But I didn't watch the clip, perhaps they were quoting him directly or something.
posted by GuyZero at 9:51 AM on May 18, 2011


It's not the medium, it's the humidity.
posted by Babblesort at 10:04 AM on May 18, 2011


I like deep tissue messages with a happy ending.
posted by It's Raining Florence Henderson at 10:07 AM on May 18, 2011


I like deep tissue messages with a happy ending.

"Customer, product, whatever, sir. You still have to pay the $20, same as in town."
posted by Blazecock Pileon at 10:18 AM on May 18, 2011


Can we get a rerecording of this?

I AM THE PRODUCT

*do dee do do*

YOU'RE JUST THE CUSTOMER
posted by The Whelk at 10:28 AM on May 18, 2011


blue beetle did it in a couple dozen.

Actually just 16 words (and it could have easily been 13).
posted by John Cohen at 10:28 AM on May 18, 2011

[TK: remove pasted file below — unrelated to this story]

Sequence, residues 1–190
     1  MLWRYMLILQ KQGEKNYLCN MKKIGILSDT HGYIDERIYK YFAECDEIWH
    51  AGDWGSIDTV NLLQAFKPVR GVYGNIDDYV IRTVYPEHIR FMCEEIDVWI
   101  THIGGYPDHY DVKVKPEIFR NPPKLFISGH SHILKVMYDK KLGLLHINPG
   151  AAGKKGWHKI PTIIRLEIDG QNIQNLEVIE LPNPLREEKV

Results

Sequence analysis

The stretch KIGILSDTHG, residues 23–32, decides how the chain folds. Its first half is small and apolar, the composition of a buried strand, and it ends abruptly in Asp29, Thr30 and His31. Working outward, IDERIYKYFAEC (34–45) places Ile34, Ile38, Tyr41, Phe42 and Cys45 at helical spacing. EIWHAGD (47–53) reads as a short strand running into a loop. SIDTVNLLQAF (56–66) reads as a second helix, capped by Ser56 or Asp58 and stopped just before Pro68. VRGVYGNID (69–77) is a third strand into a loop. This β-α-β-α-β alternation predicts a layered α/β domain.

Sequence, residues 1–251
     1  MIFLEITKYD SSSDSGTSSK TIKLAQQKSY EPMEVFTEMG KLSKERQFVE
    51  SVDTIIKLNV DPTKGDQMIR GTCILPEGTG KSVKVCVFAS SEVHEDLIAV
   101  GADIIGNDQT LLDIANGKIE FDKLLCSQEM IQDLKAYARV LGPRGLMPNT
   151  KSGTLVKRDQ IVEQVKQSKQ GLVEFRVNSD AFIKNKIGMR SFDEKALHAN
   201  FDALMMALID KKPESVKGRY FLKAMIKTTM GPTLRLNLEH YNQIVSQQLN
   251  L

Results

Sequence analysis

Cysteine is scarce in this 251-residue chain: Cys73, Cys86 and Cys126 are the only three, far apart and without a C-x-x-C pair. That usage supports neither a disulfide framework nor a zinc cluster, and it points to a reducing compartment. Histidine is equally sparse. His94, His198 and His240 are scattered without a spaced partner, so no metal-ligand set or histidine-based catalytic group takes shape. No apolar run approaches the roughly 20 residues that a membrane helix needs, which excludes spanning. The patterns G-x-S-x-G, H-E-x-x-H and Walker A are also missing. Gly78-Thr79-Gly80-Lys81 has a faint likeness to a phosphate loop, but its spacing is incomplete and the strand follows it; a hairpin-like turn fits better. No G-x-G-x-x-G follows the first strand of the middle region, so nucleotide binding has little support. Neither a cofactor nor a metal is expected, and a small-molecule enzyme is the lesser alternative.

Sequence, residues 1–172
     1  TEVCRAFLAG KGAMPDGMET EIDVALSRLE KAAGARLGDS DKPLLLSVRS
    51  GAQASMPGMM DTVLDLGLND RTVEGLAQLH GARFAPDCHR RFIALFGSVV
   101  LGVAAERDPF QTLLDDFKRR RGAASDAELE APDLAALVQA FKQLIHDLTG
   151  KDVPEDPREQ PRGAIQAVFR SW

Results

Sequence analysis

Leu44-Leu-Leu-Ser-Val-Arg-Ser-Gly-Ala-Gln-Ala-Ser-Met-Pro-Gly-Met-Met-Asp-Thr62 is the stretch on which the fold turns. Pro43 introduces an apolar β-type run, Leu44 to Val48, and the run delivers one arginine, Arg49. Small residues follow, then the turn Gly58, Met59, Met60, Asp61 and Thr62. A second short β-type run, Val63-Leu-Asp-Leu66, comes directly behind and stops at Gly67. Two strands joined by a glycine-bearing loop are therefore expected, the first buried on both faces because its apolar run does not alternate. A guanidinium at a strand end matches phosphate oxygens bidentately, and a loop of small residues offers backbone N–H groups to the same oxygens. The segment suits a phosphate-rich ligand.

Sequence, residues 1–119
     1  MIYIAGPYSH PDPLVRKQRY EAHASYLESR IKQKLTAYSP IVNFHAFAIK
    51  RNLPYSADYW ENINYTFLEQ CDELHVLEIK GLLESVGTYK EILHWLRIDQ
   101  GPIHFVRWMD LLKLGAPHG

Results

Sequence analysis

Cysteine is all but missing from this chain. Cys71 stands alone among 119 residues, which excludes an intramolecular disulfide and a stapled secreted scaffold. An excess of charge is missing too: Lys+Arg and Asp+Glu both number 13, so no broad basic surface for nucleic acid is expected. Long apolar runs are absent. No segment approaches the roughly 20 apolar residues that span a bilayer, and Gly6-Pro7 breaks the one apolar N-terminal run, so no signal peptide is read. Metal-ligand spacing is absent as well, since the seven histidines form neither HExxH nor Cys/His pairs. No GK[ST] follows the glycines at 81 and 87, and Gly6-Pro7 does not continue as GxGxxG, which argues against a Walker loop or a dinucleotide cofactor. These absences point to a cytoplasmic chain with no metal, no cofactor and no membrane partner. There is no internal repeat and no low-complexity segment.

Everything I want has a cost: Financial, emotional, my attention, devotion, time, etc. In this case, being the product is the price paid for obtaining something for free. Hence, it really isn't free. So that means I paid for it, making me a customer. Aaaaannnd the customer is always right.


AMIRIGHT? ... *sticks fingers in ears* LALALALALALALALALALALALALALALA
posted by Debaser626 at 10:39 AM on May 18, 2011 [1 favorite]


I'm really not sure this comment is the original utterance of that phrase. I've read/heard it all over within the past year, starting before August 2010. Here are some Google results that show it was already in use.

Note that Google's "search by date" feature kinda sucks.